Another participant in the teleconference, Rene Bernards, PhD, Professor of Molecular Carcinogenesis at The Netherlands Cancer Institute in Amsterdam, added that this study lays the groundwork for discerning critical genetic profiles within a single patient’s cancer. “The investigators are making a systematic map showing the specific vulnerabilities of cancer cells with mutations in their genome. There are correlations between the mutations and their vulnerabilities. We can begin to target them where the effect will be the greatest, …and this will lead to

problem of rising hospital costs is to get more services back into community oncology practices so we do not have to pay these hospital subsidies. The more services we redirect from the hospital setting to the community practice, the more cost-effective the care becomes. For example, you don’t have to do an infusion in a hospital clinic. Unfortunately, the current trend is exactly opposite—hospitals are acquiring oncology practices— and that trend contributes to the escalating costs of cancer care.

National Comprehensive Cancer Network (NCCN) guidelines and found that about 44% of the bevacizumab therapy we were paying for did not comply with the guidelines and recommendations. Those data prompted a claims review program that examines whether bevacizumab is being given with other recommended drugs, whether it is given for only one line of treatment, and if it is being given for the correct diagnoses. Treatments that ignore those recommendations are a waste of valuable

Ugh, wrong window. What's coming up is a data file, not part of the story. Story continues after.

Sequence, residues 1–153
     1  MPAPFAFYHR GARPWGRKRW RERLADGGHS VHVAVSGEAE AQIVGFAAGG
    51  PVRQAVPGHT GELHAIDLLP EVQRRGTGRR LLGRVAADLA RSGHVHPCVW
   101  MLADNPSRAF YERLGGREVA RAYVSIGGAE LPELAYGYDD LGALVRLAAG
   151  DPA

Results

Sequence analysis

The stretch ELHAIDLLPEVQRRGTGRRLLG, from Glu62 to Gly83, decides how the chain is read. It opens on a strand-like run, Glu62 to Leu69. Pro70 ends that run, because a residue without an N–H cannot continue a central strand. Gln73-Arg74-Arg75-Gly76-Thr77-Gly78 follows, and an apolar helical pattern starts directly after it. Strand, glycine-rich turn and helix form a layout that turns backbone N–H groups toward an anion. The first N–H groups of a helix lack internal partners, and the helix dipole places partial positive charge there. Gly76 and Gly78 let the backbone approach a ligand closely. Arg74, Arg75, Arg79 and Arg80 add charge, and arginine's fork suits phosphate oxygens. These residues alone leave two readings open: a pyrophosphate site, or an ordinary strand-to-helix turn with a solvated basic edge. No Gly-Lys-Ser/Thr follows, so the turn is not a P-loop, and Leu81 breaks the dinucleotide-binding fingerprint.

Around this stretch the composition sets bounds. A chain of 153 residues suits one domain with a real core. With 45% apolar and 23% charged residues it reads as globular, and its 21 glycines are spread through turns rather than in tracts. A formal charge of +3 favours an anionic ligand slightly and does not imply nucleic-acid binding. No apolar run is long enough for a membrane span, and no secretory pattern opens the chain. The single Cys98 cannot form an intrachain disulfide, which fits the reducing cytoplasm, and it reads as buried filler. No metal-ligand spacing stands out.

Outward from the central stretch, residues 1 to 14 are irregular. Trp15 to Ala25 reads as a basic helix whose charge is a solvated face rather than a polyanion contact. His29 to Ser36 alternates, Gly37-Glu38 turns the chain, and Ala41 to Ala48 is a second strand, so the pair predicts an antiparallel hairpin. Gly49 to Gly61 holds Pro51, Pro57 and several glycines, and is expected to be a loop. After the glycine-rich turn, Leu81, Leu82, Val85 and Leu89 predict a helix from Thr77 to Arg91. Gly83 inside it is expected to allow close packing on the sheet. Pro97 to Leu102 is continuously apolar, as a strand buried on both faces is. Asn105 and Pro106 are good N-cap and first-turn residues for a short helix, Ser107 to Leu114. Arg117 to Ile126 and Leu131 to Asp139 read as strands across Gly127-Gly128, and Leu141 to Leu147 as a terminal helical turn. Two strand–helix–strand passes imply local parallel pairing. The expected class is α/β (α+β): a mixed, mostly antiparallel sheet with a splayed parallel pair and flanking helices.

Rising Cost of Cancer Care ■■ Inflation-adjusted hospital costs are rising by double digits. ■■ Hospital consolidation diminishes the ability of insurers to negotiate pricing.

■■ Community practices deliver more cost-effective care than hospitals. ■■ Evidenced-based guidelines save money, increase value of cancer care. ■■ We may see a paradigm shift, with the “buy-and-bill” model replaced by payment tied to outcomes.

We need to create a payment system that encourages physicians to work with us in a collaborative way to deliver cost-effective medicine. The payment system should share some of those savings with physicians, rather than have it all go to hospitals.

Evidence of Value The term “value over cost” has become one of the mantras in health-care reform. Is there a direct way to determine the clinical value of one therapy over another that will satisfy providers, payers, and patients? There is, but you need high-quality evidence. At UnitedHealthcare, we are currently working on clarifying our coverage of therapy with bevacizumab (Avastin). We looked at the improvements in survival,” he predicted. Dr. Baselga questioned whether this groundbreaking work might lead to a new classification of breast cancer based on functional categories, not histologic subtypes. “Historically, we have categorized cancer by tissue of origin,” Dr. Bernards responded. “The significance of the current study is that we now appreciate we should begin to call cancers by the oncogenic driving lesion responsible for malignant growth… and initiate treatment based on this driver.” According to Dr. Ashworth, this is indeed the likely direction of research.

resources and do not provide clinical benefit to patients with cancer.

Tying Payment to Outcome Fee-for-service tends to incentivize overuse of services. On the drug side, some contend that the buy-and-bill model of community oncology creates perverse incentives. Do we need to move away from that payment model? Yes, but first we need to dispel the myth that without the buy-and-bill system, community practices will no longer be economically viable. Our challenge is to find a way that compensation is not tied directly to drug margins. At UnitedHealthcare, we have launched a pilot program to incentivize oncologists for delivering “I envision a future where a panoply of genes will be studied for mutations, and it will be tremendously informative for treatment,” he said. Stand Up to Cancer provided funding for this research, added Dr. Ashworth, who is a principal on the Breast Cancer Subtypes Dream Team.